Yesterday morning, an historic townhouse on Manhattan's Upper East Side exploded in a spectacular fireball. It turned out that the cause was natural gas -- the doctor who owned in the building was apparently trying to kill himself. But that's not what many New Yorkers thought at first. They were convinced it was terrorism.
Naturally, the first thing that Larry King thought of was 9/11.
After all, he watches CNN.
So do we. And while we couldn't agree more with John Dean, that the climate of overhyped fear-mongering begins at 1600 Pennsylvania Avenue, but there's also more to the equation than just the actions of the Bush administration. Anyone who watches TV news or reads a newspaper -- and who's seen street thugs elevated into global terrorists, or Internet chatter become an "intricate plot" -- knows what we're taking about.
And here's the thing, no matter what we do or say, the current crew in the White House will be whipping up these "terror threats", to paper over mistakes or to justify new military adventures, between now and January 2009. We can't stop them from throwing it out there.
But the media and its role as a super-enabler -- that's a different story. In theory, a news outlet would act as a filter, determining what terrorism stories are important and which ones carry the strong whiff of baloney. Instead, since Sept. 11, 2001, the media has become a giant amplifier, not a filter. When the subject is "the war on terror," no development is too small for wall-to-wall "breaking news" coverage, or a front-page scoop.
But news outlets have another. more important role: To be responsible. Terror fears have warped the American political debate, from clearing the way for an unjust war in Iraq to papering over White House scandals. That type of influence is something that goes well beyond ratings. CNN would also get lots more viewers if Carol Costello or Anderson Cooper read the news in the buff, but that wouldn't be very appropriate. Scaring the American public needlessly, we'd argue, is a much greater sin.
In fact, although they seem not to realize it, but TV execs and top editors have the power to cancel the version of "The Fear Factor" that's broadcast out of Washington, with a few easy moves. Here's how:
1. You set the agenda, and not the White House. You wouldn't tell your plumber how to fix your toilet. So why do the world's best newsmen let politicians tell them how to cover the news? -- it's baffling. (See No.5 - G)
When the government announces "a major terror arrest," it's impossible not to rush in at first with guns blazing, and that's fine. But an hour or so into it, take a deep breath, and do your own analysis. When the government says that drifters with no weapons or plans were going to blow up the Sears Tower, does it pass the smell test? If it doesn't, it's just as easy to run away from a story -- or at least downgrade it to its rightful tiny hole at the top of the hour -- as to rush into it headlong.
2. Define your own terms. Again, news directors are the ones who need to decide whether the terror struggle is truly "a war," or something else, or whether online chatter in an Arab country about New York's tunnels is really "a plot."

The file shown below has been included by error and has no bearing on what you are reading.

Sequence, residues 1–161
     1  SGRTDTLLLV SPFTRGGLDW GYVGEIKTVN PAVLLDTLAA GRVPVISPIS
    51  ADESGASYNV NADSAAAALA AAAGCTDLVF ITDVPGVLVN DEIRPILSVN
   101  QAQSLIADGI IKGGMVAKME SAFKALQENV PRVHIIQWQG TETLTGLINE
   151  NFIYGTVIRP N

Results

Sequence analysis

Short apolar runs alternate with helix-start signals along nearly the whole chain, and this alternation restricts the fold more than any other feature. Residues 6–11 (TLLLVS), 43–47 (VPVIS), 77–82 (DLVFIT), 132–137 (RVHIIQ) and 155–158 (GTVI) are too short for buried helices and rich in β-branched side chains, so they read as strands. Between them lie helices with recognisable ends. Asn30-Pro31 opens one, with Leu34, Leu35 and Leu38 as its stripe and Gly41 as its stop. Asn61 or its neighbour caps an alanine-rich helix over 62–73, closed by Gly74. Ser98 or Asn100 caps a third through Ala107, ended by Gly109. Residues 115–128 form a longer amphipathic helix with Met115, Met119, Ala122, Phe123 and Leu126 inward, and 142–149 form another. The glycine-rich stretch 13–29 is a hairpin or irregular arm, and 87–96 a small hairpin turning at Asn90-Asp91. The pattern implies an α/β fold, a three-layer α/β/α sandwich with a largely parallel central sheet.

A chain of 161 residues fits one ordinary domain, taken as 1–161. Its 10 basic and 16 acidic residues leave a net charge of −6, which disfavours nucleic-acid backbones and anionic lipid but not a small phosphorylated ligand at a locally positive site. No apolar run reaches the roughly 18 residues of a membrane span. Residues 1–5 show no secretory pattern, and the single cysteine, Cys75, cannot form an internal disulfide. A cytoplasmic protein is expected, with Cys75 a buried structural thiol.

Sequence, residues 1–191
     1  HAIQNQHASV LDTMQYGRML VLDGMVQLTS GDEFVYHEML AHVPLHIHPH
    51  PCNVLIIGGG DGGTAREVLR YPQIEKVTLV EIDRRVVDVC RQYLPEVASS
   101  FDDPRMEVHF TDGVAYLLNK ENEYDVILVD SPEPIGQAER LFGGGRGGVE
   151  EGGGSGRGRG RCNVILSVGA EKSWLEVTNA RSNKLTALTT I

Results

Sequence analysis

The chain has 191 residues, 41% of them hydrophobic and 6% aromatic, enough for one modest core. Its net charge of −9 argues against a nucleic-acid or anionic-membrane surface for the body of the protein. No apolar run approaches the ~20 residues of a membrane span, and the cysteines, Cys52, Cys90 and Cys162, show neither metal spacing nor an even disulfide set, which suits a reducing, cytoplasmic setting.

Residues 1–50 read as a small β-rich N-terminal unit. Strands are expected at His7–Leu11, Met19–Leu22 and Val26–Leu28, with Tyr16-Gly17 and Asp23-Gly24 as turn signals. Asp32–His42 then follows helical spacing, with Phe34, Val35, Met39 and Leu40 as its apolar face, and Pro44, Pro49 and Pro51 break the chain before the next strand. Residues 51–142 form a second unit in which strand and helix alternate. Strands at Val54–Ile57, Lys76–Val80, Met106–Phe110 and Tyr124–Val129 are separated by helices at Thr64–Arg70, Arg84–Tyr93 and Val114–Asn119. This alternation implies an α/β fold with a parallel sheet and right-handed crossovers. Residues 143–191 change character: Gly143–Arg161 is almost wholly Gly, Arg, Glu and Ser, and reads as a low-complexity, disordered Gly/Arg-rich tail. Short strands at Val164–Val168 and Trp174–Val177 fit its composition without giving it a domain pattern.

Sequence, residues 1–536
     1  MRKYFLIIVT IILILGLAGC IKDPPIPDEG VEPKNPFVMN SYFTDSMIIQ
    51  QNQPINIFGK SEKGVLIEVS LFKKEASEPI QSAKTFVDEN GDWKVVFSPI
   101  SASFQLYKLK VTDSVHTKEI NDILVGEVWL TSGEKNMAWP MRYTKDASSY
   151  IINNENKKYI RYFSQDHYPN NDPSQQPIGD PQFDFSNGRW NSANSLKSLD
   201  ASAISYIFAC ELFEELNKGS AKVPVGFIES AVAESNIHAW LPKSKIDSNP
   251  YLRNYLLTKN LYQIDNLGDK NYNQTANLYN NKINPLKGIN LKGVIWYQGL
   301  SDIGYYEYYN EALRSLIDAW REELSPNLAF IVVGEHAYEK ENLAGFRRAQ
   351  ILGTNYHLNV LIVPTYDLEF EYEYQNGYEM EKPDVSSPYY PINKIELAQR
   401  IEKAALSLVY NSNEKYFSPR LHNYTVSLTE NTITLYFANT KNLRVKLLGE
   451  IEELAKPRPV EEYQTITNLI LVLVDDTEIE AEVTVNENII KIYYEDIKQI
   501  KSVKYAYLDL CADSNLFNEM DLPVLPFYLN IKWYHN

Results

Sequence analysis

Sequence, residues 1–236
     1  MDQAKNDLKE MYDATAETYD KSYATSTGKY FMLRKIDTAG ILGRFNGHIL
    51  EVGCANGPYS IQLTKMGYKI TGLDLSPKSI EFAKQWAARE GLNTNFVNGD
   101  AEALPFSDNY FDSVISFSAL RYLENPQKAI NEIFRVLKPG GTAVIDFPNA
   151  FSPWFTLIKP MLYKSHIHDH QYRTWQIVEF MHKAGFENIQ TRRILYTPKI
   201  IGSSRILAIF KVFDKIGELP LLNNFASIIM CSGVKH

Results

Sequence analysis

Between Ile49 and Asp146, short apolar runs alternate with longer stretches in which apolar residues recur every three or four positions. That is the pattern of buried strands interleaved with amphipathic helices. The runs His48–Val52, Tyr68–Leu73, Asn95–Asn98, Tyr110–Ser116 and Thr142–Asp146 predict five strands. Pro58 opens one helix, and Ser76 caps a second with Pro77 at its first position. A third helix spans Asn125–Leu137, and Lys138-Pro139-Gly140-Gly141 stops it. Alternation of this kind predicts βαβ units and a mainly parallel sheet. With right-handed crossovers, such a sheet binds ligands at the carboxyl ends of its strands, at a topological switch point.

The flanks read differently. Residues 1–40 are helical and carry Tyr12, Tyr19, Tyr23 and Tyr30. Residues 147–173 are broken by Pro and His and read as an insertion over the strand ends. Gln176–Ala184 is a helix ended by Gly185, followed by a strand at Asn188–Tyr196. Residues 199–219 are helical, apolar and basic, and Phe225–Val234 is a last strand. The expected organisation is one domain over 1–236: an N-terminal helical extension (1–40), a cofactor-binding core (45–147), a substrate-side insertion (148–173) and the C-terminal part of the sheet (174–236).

There's good precedent for this. Over time, many editors have agreed that in the abortion debate, the terms "pro-life" and "pro-choice" are politically loaded bombs, and not the language of news or accuracy. And so many papers shun these terms. It was easy when citizen groups were involved, so why can't the government get the same treatment.
3. Talk to each other. Shocking, we know. But these are desperate times for America, and desperate times require some desperate measures. Imagine if the news chiefs of CNN and MSNBC and Fox -- OK, Fox is probably out -- had a hotline for sharing their initial impression of terror stories. Imagine if the CNN guy said, "I kinda of think this Miami story is baloney, myself," and if MSNBC agreed.
At the least, we'd love to see this: An emergency summit on covering terrorism. Gather in a big meeting hall, call in the C-SPAN cameras, and work toward some notion of when terror is real, and when it is manufactured. Critics would scream "collusion," but would it really be collusion or would it be serving democracy, journalism's highest calling?
4. Prioritize the issues of the 21st Century. Yes, terrorism is a significant story. But where does it rank against global warming, dwindling fossil fuel supplies, the rise of China and India, or the disappearance of the middle class here in America? You -- and not Karl Rove -- need to make these decisions.
The media is indeed the most powerful tool of our time. But right now, it's being manipulated by outside forces. Jazzman Gil Scott-Heron said famously, "The Revolution Will Not be Televised."
But maybe the real American revolutiion will not be televising.
Pretty good post. Go read the rest.
To which I would add:
5. Tell your corporate bosses and everyone else that you will decide what news to cover, and how it will be covered, not them.
In other words, blow Bush on your own time and leave the newsroom out of it.
Journalists have the experience and know-how to gather, filter, and disseminate the news, if they can remember why they're supposed to. Now that they're all fat 'n sassy, it would help if they could rekindle the fires in their bellies from their younger, leaner, hungrier days.
Wouldn't hurt if they could grow their sacks back, either. Note to newsmen: Think Dana Priest, Christiane Amanpour, Molly Ivins, etc.